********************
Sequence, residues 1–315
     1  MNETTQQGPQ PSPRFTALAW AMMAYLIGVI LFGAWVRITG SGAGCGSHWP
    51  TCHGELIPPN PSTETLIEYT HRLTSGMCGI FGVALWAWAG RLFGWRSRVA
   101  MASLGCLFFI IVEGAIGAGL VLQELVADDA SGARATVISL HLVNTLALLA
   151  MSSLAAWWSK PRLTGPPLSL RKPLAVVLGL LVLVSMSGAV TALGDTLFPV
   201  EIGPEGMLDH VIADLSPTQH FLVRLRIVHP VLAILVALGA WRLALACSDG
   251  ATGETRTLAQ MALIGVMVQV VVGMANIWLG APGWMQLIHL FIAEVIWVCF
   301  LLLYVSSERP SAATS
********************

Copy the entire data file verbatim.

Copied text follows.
Sequence, residues 1–315
     1  MNETTQQGPQ PSPRFTALAW AMMAYLIGVI LFGAWVRITG SGAGCGSHWP
    51  TCHGELIPPN PSTETLIEYT HRLTSGMCGI FGVALWAWAG RLFGWRSRVA
   101  MASLGCLFFI IVEGAIGAGL VLQELVADDA SGARATVISL HLVNTLALLA
   151  MSSLAAWWSK PRLTGPPLSL RKPLAVVLGL LVLVSMSGAV TALGDTLFPV
   201  EIGPEGMLDH VIADLSPTQH FLVRLRIVHP VLAILVALGA WRLALACSDG
   251  ATGETRTLAQ MALIGVMVQV VVGMANIWLG APGWMQLIHL FIAEVIWVCF
   301  LLLYVSSERP SAATS